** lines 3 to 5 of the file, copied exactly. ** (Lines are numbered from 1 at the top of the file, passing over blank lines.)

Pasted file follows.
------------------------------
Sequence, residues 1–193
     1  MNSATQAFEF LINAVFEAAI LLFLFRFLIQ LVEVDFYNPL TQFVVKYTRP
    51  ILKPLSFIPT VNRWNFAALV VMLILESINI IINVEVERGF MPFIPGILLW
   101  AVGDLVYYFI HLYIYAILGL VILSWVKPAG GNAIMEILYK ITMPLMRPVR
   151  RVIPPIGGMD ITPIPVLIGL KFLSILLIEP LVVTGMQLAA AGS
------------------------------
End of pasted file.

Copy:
    51  ILKPLSFIPT VNRWNFAALV VMLILESINI IINVEVERGF MPFIPGILLW
   101  AVGDLVYYFI HLYIYAILGL VILSWVKPAG GNAIMEILYK ITMPLMRPVR
   151  RVIPPIGGMD ITPIPVLIGL KFLSILLIEP LVVTGMQLAA AGS